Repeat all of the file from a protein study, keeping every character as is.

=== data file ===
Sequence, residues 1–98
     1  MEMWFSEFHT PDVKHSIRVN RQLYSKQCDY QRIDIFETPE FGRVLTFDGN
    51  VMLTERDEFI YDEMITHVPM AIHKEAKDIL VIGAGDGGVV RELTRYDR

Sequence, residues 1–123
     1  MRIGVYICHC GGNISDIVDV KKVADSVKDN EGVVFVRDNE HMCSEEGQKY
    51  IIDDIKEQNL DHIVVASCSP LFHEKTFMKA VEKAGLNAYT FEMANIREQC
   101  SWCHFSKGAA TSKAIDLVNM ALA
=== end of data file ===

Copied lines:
Sequence, residues 1–98
     1  MEMWFSEFHT PDVKHSIRVN RQLYSKQCDY QRIDIFETPE FGRVLTFDGN
    51  VMLTERDEFI YDEMITHVPM AIHKEAKDIL VIGAGDGGVV RELTRYDR

Sequence, residues 1–123
     1  MRIGVYICHC GGNISDIVDV KKVADSVKDN EGVVFVRDNE HMCSEEGQKY
    51  IIDDIKEQNL DHIVVASCSP LFHEKTFMKA VEKAGLNAYT FEMANIREQC
   101  SWCHFSKGAA TSKAIDLVNM ALA